Should you self-publish?
Many authors find themselves considering another option – the massive (relatively new) world of self-publishing.
It seems like the easiest possible scenario – your submit your book, shell out of a few dollars, and boom – you have a real, published book with your name on it. You can write whatever you want, without an editor (or an agent) breathing down your neck. In moments, your book could even be for sale on Amazon – ready to be purchased by millions of readers worldwide!
There are some authors who have garnered real success through self-publishing. However, the tough truth is that these authors have usually already taken the time to build a rock solid platform (a large group of followers through social media, media, speaking engagements, etc.). The average self-published book sells only 117 copies in its first year. If your book does poorly, this will not only be personally disappointing, it will likely affect your chances of publishing through traditional means in the future.
If you self-publish and your book doesn’t sell like hot cakes, the traditional publishers will know. When they type in the ISBN number (on the bar code) they will see your book “failed” and that taint will prevent them (and therefore me or any other agent) from being able to do anything with that book or your next one.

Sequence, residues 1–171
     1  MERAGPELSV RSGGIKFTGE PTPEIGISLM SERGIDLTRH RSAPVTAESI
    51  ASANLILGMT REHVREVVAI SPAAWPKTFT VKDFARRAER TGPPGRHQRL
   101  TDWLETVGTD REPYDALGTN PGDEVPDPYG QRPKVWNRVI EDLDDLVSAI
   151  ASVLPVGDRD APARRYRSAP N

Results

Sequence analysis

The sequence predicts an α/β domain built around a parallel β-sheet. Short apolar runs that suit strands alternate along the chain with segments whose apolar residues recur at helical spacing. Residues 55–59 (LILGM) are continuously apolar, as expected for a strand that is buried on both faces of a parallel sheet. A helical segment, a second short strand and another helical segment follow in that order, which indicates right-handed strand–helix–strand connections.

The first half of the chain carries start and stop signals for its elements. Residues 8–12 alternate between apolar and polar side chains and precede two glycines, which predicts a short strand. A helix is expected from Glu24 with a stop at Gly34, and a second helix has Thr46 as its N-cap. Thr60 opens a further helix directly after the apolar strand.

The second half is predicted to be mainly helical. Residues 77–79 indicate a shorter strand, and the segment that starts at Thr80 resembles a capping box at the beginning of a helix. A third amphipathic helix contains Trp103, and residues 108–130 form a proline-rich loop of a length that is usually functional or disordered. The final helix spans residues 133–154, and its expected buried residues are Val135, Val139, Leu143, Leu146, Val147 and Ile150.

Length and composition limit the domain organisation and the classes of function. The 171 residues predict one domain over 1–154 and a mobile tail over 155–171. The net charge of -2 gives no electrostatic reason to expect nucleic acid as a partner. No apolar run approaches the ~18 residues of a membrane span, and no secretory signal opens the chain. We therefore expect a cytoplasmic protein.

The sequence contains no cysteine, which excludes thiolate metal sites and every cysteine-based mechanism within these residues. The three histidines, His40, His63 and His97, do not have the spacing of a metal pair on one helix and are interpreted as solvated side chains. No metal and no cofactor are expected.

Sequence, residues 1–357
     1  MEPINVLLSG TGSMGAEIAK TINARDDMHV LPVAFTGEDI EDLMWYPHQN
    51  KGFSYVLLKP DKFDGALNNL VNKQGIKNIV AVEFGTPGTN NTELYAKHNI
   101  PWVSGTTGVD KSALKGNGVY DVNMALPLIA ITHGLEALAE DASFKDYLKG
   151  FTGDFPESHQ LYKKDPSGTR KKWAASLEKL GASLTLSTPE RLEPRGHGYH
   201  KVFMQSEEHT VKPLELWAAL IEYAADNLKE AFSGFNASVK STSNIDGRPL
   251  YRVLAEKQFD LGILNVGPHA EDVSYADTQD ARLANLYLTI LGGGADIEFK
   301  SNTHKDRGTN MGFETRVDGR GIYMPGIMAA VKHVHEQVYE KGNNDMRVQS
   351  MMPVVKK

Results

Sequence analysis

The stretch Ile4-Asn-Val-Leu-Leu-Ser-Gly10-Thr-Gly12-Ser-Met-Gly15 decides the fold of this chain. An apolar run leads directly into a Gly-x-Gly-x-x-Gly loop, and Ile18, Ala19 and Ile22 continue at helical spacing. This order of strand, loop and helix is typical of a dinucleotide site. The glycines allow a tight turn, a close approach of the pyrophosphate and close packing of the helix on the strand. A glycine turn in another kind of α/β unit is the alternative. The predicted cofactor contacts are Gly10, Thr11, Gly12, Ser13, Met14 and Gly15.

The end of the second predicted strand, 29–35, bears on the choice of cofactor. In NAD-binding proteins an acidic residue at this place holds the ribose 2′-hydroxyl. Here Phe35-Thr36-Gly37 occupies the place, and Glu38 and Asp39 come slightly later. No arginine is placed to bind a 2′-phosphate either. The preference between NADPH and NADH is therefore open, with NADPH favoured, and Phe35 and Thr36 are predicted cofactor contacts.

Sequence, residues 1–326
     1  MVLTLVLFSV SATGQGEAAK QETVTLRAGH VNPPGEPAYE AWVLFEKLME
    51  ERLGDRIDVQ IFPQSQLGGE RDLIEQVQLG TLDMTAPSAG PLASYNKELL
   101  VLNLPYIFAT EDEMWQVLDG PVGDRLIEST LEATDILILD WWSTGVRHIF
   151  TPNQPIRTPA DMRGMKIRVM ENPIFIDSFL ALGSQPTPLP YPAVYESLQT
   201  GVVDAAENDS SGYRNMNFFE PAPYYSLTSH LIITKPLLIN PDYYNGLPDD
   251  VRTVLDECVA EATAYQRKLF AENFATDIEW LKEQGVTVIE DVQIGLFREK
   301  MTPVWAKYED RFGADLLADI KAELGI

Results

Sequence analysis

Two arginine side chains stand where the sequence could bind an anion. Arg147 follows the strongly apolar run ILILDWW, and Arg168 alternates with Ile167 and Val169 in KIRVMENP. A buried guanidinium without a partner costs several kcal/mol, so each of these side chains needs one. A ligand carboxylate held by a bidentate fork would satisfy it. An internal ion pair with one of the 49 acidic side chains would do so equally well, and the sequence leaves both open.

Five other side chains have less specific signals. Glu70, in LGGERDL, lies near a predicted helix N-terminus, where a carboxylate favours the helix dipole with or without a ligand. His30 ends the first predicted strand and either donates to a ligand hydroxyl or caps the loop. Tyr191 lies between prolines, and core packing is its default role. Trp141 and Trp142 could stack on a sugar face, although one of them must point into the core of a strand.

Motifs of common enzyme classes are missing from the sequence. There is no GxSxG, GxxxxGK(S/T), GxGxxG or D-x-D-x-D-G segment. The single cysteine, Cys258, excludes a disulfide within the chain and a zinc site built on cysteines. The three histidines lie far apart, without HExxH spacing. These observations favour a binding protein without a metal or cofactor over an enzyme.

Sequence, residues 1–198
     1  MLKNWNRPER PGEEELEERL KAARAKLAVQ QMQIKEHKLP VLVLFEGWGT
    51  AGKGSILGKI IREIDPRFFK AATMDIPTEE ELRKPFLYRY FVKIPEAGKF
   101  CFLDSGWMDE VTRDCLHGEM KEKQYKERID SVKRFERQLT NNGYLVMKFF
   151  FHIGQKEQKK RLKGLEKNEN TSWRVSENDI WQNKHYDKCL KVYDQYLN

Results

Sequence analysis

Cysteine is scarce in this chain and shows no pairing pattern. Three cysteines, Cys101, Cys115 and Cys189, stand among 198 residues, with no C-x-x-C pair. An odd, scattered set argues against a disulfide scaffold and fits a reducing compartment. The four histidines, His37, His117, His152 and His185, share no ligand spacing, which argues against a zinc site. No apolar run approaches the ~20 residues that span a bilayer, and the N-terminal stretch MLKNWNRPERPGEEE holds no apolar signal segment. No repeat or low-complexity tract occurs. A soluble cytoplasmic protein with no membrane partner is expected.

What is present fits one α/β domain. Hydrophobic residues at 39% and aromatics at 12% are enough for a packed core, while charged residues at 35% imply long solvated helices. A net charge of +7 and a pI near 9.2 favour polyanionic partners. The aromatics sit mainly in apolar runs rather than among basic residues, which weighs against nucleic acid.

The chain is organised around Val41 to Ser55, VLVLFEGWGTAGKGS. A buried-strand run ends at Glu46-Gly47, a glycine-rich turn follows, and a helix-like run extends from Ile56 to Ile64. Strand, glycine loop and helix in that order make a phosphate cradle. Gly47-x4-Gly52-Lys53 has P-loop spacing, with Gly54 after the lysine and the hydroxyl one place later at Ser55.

Be an informed consumer when it comes to self-publishing; it’s critically important that you look before you leap. The wrong decision will affect your future dramatically – more than you can imagine today.
If you are considering self-publishing, ask yourself these questions:
1. Do you have a “platform” – a large group of existing fans right now who will rush to buy your book the minute it is printed?
2. Are you capable of managing the marketing and distribution, the promotion and publicity required to differentiate any one book in the tsunami of 300K+ published annually in the USA?
3. Do you need your book super-fast for some reason?
4. Are there any special reasons your book should be self-published, e.g., some corporation has asked for 4,000 to give to their employees?
5. Do you have a written strategy for making the book successful? Do you know what will happen to your career as an author/speaker if a self-published book fails?
6. Does it matter to you if a large quantity of books are not sold, e.g. are you merely writing your memoirs for your grandkids to read someday?
If you need to know how to put together a plan, or how to pull off a self-publishing success story, click here.